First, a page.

Some convenience food can be as healthy as home cooked meals, say food experts.
There is a wide variation in nutrition content of convenience food
The advice comes as stricter controls on the health claims made on food are being drawn up by the European Commission.
A group of scientists and policy experts said expecting people to cook all food from scratch is unrealistic and not necessarily healthier.
Instead people should be encouraged to check labels and avoid foods with high levels of salt and fat.
Increasing levels of obesity have fuelled the debate about the impact of the food we eat on our health.
With more and more people turning to obesity drugs to lose weight, some are concerned that mixed messages about a healthy diet, is making the public confused.
People now only spend 20 minutes a day preparing food compared with two hours in 1980.
Gill Fine, director of consumer choice and dietary health at the Food Standards Agency, agreed some convenience food could contribute to a balanced diet.
She added constant media stories about high levels of fat, salt and sugar in processed foods feeds the assumption that all such products are bad.
"All these sorts of foods will have different nutrients.
"Clearly it depends on how much you eat and how often you eat them as to whether that's going to improve the diet."
What is important, she said, was that people had good information about nutrition though better education, improved labelling of foods as well as encouraging the food industry to reformulate their products.
She added that campaigns by celebrity chefs to get people to cook food at home did little to encourage nutrition education if people did not know the calorie or fat content of the recipes.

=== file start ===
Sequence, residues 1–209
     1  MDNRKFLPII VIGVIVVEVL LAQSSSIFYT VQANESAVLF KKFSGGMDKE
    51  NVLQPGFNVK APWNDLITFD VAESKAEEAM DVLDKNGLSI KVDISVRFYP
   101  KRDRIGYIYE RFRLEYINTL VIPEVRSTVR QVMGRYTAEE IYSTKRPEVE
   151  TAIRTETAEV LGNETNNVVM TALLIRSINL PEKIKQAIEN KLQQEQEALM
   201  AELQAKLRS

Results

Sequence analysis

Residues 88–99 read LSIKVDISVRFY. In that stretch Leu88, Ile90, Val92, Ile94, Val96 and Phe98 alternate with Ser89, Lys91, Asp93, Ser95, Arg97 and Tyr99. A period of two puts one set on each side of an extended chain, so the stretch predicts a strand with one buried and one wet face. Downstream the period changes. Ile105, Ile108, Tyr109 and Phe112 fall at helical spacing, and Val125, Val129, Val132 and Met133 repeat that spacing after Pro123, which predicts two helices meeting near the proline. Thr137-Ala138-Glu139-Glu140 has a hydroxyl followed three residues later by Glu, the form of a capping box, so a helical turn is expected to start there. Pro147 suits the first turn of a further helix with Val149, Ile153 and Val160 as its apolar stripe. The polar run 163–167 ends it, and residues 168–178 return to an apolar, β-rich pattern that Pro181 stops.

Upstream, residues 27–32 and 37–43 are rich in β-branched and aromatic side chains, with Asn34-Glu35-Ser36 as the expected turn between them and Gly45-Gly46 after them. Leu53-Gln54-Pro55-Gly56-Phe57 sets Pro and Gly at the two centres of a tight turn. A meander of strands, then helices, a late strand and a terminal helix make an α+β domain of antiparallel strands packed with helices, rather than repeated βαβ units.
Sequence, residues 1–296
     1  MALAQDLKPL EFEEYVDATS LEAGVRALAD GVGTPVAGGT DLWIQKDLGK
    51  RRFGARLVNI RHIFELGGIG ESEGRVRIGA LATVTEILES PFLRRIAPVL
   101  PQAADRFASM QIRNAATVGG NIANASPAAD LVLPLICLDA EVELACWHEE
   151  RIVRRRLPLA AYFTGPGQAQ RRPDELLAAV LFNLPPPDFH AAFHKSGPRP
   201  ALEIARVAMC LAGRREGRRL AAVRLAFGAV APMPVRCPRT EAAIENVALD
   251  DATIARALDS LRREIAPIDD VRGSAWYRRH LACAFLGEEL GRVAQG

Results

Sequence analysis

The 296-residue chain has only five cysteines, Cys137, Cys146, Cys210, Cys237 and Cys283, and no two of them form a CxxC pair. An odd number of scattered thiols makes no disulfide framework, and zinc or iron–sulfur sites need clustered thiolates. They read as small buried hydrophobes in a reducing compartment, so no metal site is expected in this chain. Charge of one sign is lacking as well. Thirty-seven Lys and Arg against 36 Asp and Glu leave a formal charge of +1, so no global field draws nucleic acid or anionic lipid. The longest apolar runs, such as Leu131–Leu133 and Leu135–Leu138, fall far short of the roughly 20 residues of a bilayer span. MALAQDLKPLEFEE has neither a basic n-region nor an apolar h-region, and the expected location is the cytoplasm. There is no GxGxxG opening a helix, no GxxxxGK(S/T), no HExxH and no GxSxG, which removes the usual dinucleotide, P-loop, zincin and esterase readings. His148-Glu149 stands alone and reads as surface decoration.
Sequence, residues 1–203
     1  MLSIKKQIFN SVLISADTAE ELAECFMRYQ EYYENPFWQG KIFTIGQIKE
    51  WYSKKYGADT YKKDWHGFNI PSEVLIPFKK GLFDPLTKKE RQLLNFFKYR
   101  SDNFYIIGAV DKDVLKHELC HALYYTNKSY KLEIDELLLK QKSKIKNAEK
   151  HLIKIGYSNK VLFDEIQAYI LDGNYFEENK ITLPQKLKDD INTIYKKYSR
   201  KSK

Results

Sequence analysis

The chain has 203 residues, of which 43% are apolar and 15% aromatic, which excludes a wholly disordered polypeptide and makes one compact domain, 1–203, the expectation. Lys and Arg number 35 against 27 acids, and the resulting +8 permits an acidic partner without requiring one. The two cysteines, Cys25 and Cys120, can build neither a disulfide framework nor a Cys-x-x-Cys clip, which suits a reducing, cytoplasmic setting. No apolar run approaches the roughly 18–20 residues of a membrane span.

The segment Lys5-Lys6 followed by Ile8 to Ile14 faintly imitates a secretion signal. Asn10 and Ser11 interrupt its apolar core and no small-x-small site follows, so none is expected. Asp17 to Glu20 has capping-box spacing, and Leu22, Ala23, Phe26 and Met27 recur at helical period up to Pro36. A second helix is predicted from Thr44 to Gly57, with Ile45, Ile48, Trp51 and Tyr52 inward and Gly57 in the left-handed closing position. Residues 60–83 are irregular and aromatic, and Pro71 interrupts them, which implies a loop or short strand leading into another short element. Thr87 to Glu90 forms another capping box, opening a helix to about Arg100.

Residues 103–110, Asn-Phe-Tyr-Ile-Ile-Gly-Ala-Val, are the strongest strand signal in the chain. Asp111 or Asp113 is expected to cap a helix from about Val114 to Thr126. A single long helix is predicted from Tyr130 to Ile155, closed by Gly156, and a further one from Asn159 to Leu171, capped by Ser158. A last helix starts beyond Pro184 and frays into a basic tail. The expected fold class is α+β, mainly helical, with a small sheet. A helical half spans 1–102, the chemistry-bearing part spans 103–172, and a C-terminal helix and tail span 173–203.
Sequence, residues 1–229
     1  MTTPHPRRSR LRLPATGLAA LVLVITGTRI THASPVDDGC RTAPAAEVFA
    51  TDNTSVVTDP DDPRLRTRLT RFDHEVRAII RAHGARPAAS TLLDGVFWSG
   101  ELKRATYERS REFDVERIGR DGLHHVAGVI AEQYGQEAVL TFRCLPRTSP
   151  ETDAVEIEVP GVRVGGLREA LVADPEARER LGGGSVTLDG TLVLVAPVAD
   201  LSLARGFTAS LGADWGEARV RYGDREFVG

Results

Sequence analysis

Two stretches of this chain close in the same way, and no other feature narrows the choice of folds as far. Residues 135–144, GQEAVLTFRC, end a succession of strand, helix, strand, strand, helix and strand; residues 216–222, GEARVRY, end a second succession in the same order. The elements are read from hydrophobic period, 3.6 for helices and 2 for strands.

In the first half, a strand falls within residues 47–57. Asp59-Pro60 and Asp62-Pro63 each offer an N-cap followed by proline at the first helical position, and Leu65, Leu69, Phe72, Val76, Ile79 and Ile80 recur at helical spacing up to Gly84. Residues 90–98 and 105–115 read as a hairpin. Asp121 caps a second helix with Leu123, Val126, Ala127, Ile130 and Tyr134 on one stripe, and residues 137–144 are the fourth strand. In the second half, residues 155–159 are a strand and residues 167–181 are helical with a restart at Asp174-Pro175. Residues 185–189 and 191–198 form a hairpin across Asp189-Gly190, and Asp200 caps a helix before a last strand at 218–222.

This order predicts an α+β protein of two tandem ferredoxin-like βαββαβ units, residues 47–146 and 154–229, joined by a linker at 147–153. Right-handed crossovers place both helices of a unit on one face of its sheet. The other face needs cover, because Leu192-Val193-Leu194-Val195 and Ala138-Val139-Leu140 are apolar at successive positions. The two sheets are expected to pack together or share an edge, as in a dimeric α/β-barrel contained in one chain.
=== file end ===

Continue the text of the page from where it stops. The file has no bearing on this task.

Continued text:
Dr Becky Laing, from the MRC Human Nutrition Research Centre at the University of Cambridge said most people relied on convenience foods due to lack of time.
But they are not automatically "junk", she stressed.
Frozen fruit and vegetables can be better than the fresh versions and smoothies, low-fat yoghurts or quick-cook pasta and rice were all healthy but convenient foods, she said.
"If we continue to press the message that it is impossible to eat healthily while eating convenience food we make healthy eating unobtainable and too difficult."
"We need to encourage people to look at what they are buying," she said.
By 2010, food manufacturers across Europe will only be able to make claims from an approved list, and any new claims will have to be supported by evidence.
The FSA will announce next week plans to reduce levels of saturated fat in processed food.
The Agency said some progress had been made with reducing salt content but more work was needed.
Dr Peter Wilde, a scientist at the Institute of Food Research in Norwich said some advances had made processed food healthier, such as low-fat spreads and foods with cholesterol reducing properties.
He has begun work on trying to slow down the absoprtion of fat from foods in order to make them more filling.
"Research is going on to try and maximise the health aspects of certain foods," he said.